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Final Draft - Asuri Divya Asuri Dr Parrenas Sociology-220 1...

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Asuri Divya Asuri Dr. Parrenas Sociology-220 1 December 2011 Hooking Up Associated Conflicts of ‘Hooking Up’ Forty years ago, the ‘correct’ way to form an intimate relationship with someone usually consisted of a set, standard process of asking someone on a date, moving into a committed relationship and then only engaging in intimate affairs. However, today, this so called ‘process’ has been blurred by youth who prefer to casually ‘hook-up’ before taking the next step and engaging in a committed relationship. Author Katherine Bogle expands on this idea in her book, Hooking Up: Sex, Dating and Relationships on Campus . She elaborates on the fact that specifically in college campuses, dating is becoming almost non-existent and that the primary way of creating relationships is through hooking-up. Bogle defines hooking up as “anything ‘ranging from kissing to having sex,’ and that it takes place outside the context of commitment” (Bogle, 29). Similar to Bogle, Anthony Giddens, a British sociologist also expands on how the meaning of intimacy has changed in the 20 th century in Chapter 4 of his book, The Transformation of Intimacy: Sexuality, Love, and Eroticism in Modern Societies . He expands further on the idea of gender roles within relationships as well. Though Giddens does agree with Bogle to a certain extent regarding her views on hooking up, both authors differ in that they both expand further on different aspects of intimate relationships—Bogle on just hooking up and Giddens on the various types of ‘love.’ Both Bogle and Giddens share similar views on how the meaning of sex and dating have changed over time and its significance. In her book, Bogle explains her idea of how the formation of relationships has changed over the 20 th century. Bogle first describes the period before the formal “dating” period that formed in the 1920s, called the “calling era,” where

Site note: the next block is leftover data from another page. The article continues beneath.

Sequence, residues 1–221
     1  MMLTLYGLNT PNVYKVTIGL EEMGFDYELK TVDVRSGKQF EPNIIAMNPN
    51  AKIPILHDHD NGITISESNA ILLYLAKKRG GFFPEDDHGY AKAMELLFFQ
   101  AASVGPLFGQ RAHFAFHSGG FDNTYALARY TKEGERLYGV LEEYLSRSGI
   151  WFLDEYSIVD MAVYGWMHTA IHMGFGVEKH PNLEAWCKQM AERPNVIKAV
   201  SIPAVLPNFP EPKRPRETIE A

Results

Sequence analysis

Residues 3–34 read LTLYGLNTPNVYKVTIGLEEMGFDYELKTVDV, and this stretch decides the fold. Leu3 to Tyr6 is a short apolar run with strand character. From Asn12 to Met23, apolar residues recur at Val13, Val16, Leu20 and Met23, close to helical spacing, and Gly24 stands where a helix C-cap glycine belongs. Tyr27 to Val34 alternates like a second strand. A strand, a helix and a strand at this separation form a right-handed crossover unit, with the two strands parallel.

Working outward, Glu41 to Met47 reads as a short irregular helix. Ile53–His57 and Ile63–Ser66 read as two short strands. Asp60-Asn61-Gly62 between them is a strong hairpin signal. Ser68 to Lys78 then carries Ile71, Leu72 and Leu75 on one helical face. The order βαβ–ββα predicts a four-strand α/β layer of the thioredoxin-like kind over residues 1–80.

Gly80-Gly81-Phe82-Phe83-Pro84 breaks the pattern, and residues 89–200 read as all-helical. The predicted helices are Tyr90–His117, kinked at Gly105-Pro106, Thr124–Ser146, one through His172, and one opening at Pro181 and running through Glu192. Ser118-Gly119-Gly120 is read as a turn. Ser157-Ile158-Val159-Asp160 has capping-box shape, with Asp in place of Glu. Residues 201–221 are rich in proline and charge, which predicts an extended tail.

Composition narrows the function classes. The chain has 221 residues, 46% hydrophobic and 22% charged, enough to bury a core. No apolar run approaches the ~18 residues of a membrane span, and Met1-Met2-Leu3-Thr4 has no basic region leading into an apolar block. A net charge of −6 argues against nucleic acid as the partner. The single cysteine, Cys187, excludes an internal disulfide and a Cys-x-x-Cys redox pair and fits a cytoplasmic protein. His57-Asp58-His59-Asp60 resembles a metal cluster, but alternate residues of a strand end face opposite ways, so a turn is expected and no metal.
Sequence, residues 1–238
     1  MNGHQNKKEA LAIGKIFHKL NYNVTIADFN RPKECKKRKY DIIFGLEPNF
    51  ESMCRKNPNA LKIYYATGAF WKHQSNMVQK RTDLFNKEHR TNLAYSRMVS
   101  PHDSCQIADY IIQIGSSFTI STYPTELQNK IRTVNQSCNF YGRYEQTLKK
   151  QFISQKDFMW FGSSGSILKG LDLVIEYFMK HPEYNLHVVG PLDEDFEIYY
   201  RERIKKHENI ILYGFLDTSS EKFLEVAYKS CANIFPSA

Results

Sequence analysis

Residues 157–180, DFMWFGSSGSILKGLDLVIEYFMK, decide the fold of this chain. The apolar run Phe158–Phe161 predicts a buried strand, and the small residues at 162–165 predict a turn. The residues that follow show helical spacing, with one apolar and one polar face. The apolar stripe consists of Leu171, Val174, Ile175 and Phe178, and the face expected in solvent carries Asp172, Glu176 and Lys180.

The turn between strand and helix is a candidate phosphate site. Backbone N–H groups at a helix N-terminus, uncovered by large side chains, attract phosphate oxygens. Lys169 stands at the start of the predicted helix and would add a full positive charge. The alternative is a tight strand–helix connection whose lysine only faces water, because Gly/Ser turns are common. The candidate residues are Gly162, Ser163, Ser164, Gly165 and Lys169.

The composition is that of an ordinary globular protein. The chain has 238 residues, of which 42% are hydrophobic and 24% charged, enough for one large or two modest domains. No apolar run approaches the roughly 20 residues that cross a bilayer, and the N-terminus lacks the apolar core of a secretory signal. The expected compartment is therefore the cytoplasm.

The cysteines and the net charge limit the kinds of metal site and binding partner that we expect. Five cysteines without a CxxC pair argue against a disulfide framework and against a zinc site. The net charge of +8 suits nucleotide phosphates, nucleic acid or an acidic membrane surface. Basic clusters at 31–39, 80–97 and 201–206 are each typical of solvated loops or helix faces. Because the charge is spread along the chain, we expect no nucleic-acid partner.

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Asuri “‘respectable’ young men would ‘call’ on respectable young women at their home” (Bogle, 12). After the calling era, came the formal dating era, which consisted of the man taking the women out of her home and resulted in a steady, committed relationship. It eventually became a “universal custom in America,” one that lasted for next 50 years (Bogle, 14). The Hooking-Up Era, according to Bogle, arose from college parties in which students “generally consumed alcohol while trying to meet new people with whom they could potentially become sexual intimate” (Bogle, 21). In her explanation, Bogle describes that the main reason college students began hooking up was the introduction of alcohol to the party scene. She also heavily
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